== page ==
‘When he came back he tried to act normally but I could tell he was – I don’t know – excited. He told me her name was Melanie Davis and she was married to a drug dealer from Campbells Creek he’d been representing who’d just been sent to prison for five years. He said Jack Davis was a mean son of a bitch who’d served time in his twenties for GBH. The police had been going to prosecute Melanie as an accessory but dropped the charges when Davis agreed to plead guilty. Glenn said, “She’s on her own now with two little kids to bring up,” as if he wanted me to feel sorry for her. I don’t know why, but even then I felt nothing but hostility towards her. I remember I said, “Well, she’s got their drug money. She can spend that”.’
The path was blocked by two walkers whose dogs turned in slow circles sniffing at each other’s haunches, hopelessly entangling their leads. Graham and Colin walked on the grass to avoid them, watched by a red-masked Muscovy duck with strangely sentient eyes.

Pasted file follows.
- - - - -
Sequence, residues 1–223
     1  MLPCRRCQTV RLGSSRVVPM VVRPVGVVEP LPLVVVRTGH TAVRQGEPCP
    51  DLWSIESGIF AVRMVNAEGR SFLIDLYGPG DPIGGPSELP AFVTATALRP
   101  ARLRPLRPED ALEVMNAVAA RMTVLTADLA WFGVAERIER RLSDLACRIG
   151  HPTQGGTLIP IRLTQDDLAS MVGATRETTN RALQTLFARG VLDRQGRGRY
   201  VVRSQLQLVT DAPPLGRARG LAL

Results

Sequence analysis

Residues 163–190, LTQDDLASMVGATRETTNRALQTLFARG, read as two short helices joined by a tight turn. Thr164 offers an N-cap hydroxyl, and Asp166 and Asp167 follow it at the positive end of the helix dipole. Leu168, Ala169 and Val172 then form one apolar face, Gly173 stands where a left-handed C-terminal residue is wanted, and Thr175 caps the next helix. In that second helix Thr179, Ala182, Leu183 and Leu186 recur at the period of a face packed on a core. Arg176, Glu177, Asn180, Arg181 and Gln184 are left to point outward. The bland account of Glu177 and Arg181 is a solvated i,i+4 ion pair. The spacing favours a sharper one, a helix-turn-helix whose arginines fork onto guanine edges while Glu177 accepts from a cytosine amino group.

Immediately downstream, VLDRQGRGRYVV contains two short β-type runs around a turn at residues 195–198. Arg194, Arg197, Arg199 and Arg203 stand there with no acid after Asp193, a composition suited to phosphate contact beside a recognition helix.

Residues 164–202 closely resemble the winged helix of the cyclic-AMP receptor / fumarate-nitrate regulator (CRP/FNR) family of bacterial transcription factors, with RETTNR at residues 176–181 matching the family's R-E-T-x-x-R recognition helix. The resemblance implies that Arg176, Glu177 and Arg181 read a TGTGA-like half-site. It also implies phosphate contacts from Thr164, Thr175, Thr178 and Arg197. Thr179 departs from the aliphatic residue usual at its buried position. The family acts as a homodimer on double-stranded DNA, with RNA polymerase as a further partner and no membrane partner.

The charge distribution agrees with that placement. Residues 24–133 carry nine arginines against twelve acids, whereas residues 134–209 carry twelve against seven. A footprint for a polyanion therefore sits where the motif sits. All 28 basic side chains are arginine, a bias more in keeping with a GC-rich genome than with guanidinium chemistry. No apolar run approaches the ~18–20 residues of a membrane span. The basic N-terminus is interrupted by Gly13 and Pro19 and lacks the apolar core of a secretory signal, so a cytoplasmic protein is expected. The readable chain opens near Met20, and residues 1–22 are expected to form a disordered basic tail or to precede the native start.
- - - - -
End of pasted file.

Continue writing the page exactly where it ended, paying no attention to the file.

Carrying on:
When they were back on the path Colin began speaking again.
‘I didn’t think much more about it. I stayed with Mum in Melbourne for a few days then drove back to Sydney. We were busy at work preparing Conrad Johnson’s Sleepwalker for publication.’
Graham nodded approvingly. ‘Wonderful book.’
‘Isn’t it. We knew it was going to be big and we were working flat out to resolve some legal problems with the text and to make sure we were targeting our advertising as effectively as possible.’
‘About three months after my lunch with Glenn I got a late-night call from Chloe. She was upset, alternating between tears and anger. She said Glenn had been acting strangely, coming home late, lying about where he’d been. She was convinced he was having an affair and wanted to find out what I knew. I told her I hadn’t spoken to Glenn for a while and had no idea what was going on, but she didn’t believe me.’
‘I found the call really disturbing. I’d never heard Chloe like that before, the Chloe I knew had always been so serene, so calm and collected. I felt dirty somehow, like I’d walked in on her getting undressed or something…’